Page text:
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Ariya is a passionate engineer interested in bleeding-edge technologies. He has been involved in various large projects, from KDE to WebKit. These days, his focus is mostly on software craftsmanship around web technologies. His (little) spare time is spent running the projects PhantomJS (headless WebKit) and Esprima (JavaScript parser). Ariya is a DZone MVB and is not an employee of DZone and has posted 59 posts at DZone. You can read more from them at their website. View Full User Profile

Code Coverage of Jasmine Tests using Istanbul and Karma

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For modern web application development, having dozens of unit tests is not enough anymore. The actual code coverage of those tests would reveal if the application is thoroughly stressed or not. For tests written using the famous Jasmine test library, an easy way to have the coverage report is via Istanbul and Karma.

For this example, let’s assume that we have a simple library sqrt.js which contains an alternative implementation of Math.sqrt. Note also how it will throw an exception instead of returning NaN for an invalid input.

var My = {
  sqrt: function(x) {
    if (x < 0) throw new Error("sqrt can't work on negative number");
      return Math.exp(Math.log(x)/2);

Using Jasmine placed under test/lib/jasmine-1.3.1, we can craft a test runner that includes the following spec:

describe("sqrt", function() {
  it("should compute the square root of 4 as 2", function() {

Opening the spec runner in a web browser will give the expected outcome:


So far so good. Now let's see how the code coverage of our test setup can be measured.

The first order of business is to install Karma. If you are not familiar with Karma, it is basically a test runner which can launch and connect to a specific set of web browsers, run your tests, and then gather the report. Using Node.js, what we need to do is:

npm install karma karma-coverage

Before launching Karma, we need to specify its configuration. It could be as simple as the following my.conf.js (most entries are self-explained). Note that the tests are executed using PhantomJS for simplicity, it is however quite trivial to add other web browsers such as Chrome and Firefox.

module.exports = function(config) {
    basePath: '',
    frameworks: ['jasmine'],
    files: [
    browsers: ['PhantomJS'],
    singleRun: true,
    reporters: ['progress', 'coverage'],
    preprocessors: { '*.js': ['coverage'] }

Running the tests, as well as performing code coverage at the same time, can be triggered via:

node_modules/.bin/karma start my.conf.js

which will dump the output like:

INFO [karma]: Karma v0.10.2 server started at http://localhost:9876/
INFO [launcher]: Starting browser PhantomJS
INFO [PhantomJS 1.9.2 (Linux)]: Connected on socket N9nDnhJ0Np92NTSPGx-X
PhantomJS 1.9.2 (Linux): Executed 1 of 1 SUCCESS (0.029 secs / 0.003 secs)

As expected (from the previous manual invocation of the spec runner), the test passed just fine. However, the most particular interesting piece here is the code coverage report, it is stored (in the default location) under the subdirectory coverage. Open the report in your favorite browser and there you'll find the coverage analysis report.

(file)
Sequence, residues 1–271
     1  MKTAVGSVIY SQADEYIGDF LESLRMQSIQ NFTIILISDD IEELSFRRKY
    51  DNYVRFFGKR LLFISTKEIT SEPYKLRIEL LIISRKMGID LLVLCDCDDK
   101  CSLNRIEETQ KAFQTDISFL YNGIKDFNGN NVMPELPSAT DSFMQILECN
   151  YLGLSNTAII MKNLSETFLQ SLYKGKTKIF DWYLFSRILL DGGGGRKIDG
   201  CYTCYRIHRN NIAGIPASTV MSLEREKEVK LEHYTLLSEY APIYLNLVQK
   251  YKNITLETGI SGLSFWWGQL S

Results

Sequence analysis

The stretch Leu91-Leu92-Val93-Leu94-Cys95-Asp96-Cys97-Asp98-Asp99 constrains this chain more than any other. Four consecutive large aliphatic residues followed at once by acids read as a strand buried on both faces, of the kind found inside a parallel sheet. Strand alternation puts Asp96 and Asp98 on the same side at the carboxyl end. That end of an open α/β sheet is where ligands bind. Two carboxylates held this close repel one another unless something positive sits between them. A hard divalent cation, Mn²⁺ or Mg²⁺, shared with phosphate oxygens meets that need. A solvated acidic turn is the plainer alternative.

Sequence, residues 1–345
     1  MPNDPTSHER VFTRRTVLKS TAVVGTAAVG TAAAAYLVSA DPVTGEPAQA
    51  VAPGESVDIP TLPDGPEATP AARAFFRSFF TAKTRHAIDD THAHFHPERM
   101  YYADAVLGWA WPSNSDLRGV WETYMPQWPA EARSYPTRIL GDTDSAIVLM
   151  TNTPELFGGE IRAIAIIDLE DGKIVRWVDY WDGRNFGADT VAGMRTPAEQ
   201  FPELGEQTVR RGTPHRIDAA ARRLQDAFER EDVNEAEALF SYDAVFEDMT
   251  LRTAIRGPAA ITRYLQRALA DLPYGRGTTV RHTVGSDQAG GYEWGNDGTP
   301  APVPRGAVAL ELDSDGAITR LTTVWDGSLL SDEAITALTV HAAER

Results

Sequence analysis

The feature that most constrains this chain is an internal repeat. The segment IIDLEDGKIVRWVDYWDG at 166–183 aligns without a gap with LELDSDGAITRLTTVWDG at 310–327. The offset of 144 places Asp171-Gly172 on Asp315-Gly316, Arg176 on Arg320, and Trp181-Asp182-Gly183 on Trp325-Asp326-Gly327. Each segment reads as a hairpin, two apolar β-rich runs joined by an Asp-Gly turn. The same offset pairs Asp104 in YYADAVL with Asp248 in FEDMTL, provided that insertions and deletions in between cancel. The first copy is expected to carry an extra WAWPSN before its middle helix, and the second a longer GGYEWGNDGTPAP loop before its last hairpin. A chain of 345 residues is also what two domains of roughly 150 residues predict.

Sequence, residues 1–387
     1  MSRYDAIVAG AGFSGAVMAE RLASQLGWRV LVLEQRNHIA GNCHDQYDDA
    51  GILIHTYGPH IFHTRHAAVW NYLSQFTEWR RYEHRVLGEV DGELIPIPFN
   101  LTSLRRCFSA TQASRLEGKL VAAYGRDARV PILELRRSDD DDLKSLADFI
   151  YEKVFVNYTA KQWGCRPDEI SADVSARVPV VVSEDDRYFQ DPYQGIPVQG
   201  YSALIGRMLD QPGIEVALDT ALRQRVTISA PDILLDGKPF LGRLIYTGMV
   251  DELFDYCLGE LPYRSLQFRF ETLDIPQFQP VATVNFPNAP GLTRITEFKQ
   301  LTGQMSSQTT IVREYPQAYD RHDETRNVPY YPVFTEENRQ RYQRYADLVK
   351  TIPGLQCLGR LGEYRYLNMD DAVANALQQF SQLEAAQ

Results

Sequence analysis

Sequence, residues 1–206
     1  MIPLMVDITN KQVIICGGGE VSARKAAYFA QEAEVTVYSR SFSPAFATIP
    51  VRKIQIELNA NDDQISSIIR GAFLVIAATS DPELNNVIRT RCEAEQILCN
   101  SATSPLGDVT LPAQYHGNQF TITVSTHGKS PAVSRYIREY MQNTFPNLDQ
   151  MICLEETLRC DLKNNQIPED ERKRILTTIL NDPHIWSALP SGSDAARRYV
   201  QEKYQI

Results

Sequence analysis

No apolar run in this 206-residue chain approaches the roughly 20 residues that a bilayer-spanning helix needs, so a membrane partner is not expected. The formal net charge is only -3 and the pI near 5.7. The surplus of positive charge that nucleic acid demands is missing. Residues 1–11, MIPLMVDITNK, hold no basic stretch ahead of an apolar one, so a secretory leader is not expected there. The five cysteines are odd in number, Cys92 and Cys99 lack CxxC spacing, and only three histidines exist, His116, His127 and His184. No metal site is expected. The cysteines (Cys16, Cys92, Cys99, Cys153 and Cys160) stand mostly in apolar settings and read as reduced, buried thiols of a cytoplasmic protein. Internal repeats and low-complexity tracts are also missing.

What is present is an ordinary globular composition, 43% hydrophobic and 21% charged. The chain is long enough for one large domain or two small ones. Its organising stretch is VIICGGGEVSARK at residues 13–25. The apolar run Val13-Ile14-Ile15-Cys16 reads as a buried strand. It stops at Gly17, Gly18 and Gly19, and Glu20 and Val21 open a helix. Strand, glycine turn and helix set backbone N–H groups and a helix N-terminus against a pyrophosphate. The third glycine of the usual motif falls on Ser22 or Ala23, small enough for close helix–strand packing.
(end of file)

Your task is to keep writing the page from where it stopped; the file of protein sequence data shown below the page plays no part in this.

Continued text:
Behind the scene, Karma is using Istanbul, a comprehensive JavaScript code coverage tool (read also my previous blog post on JavaScript Code Coverage with Istanbul). Istanbul parses the source file, in this example sqrt.js, using Esprima and then adds some extra instrumentation which will be used to gather the execution statistics. The above report that you see is one of the possible outputs, Istanbul can also generate LCOV report which is suitable for many continuous integration systems (Jenkins, TeamCity, etc). An extensive analysis of the coverage data should also prevent any future coverage regression, check out my other post Hard Thresholds on JavaScript Code Coverage.

One important thing about code coverage is branch coverage. If you pay attention carefully, our test above is still not exercising the situation where the input to My.sqrt is negative. There is a big "I" marking in the third-line of the code, this is Istanbul telling us that the if branch is not taken at all (for the else branch, it will be an "E" marker). Once this missing branch is noticed, improving the situation is as easy as adding one more test to the spec:

it("should throw an exception if given a negative number", function() {
  expect(function(){ My.sqrt(-1); }).
    toThrow(new Error("sqrt can't work on negative number"));

Once the test is executed again, the code coverage report looks way better and everyone is happy.


If you have some difficulties following the above step-by-step instructions, take a look at a Git repository I have prepared: Feel free to play with it and customize it to suit your workflow!

Published at DZone with permission of Ariya Hidayat, author and DZone MVB. (source)

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